Statues under attack – The wave of strong reactions to the killing of George Floyd in the United States has had an unexpected target: statues. The removal of public monuments honouring military and civilians leaders of the Confederacy has been swift. In most cases, it took place in an atmosphere where anger and celebration combined. As the indictment of racism extended to the condemnation of slavery and colonialism throughout the world, so the bronze or marble representations of individuals engaged in or even remotely associated with those regrettable practices became targets too. Protesters in Britain decided to throw the statue of Edward Colston—a man who in the 17th century made his fortune in the slave trade—into a nearby harbour. In London, the statue of Winston Churchill got a graffiti calling him a racist. Even Thomas Jefferson, one of the American Founding Fathers, who happened to be a slave owner, has had some of his monuments unceremoniously removed.
From slavery and racism, the logical next step was to condemn colonialism since, in particular in the New World, it led to the human trade of Africans and the displacement of indigenous people from their land. Statues of Christopher Columbus and Spanish explorer Juan Ponce de Leon became targets. As sometimes people get carried away, in San Francisco, some demonstrators defaced a bust of Miguel de Cervantes. Of course, he had nothing to do with colonialism (the episode, anyhow, says a lot about the sorry state of education in some parts of the world. It would be as if anticolonial protesters target a statue of William Shakespeare—ignorance is sometimes present among supporters of the best causes).
Canada has not been exempt from questioning historical figures presiding over some public parks. Are they worth that homage? In Montreal, in particular, the statue of Sir John A. Macdonald erected in Place du Canada has already been the target of a few attacks. Now, a few voices and some petitions circulating on the social networks are demanding their removal. So far, Mayor Valerie Plante has rejected the idea. Still, you never know with her, since she tends to see which way the wind is blowing before making a decision.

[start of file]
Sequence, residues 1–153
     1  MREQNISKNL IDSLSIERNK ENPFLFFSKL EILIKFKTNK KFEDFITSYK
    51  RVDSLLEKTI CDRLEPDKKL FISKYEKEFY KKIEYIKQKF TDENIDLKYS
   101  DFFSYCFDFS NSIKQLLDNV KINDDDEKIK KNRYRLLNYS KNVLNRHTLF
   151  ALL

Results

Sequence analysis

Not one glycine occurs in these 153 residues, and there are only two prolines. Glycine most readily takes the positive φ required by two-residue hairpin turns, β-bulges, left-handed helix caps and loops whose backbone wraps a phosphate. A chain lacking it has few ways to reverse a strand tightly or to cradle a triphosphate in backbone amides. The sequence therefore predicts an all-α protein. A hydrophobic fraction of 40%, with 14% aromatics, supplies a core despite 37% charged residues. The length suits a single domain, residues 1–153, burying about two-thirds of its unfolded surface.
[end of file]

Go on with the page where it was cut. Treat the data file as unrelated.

Another target in the city has been the monument honouring James McGill. Located at the right side of the main entrance of McGill University entrance on Sherbrooke St. McGill is targeted because he is accused of having owned slaves. Unlike the maligned Colston in Britain, however, McGill didn’t make his fortune in the slave trade.
Emma Soames, Churchill’s granddaughter, while lamenting what happened to the monument to his controversial ancestor admitted that “he had some views that would not be acceptable today,” that about the many occasions on which Churchill voiced the alleged superiority of the white race. She also said that “people don’t look at all people’s backgrounds before putting them on statues, if they did, this would be a country of empty plinths.” Maybe, but the fact is that all over the world, countries honour individuals regarded as important to their history. Most likely they were not “saints”, and all might have had some dark side. And for whether their bronze personifications should be removed or stay put, probably the wisest thing is to solve the situation on a case-by-case basis. For instance, in our city, the merits of Macdonald, the first prime minister and one of the fathers of Confederation, should also be contrasted with the fact that under his government—not necessarily for his own initiative—the notorious residential school system for indigenous children was introduced. The same for the McGill statue on the University campus (by the way, a beautiful, unusually playful sculpture by David Roper-Curzon). Perhaps in both cases, and as a compromise given their significance, while the monuments should stay, next to them a plaque stating contextualized biographical information should be placed as well. After all, at least in Montreal, the two statues in question also happen to be beautiful expressions of public art worth preserving.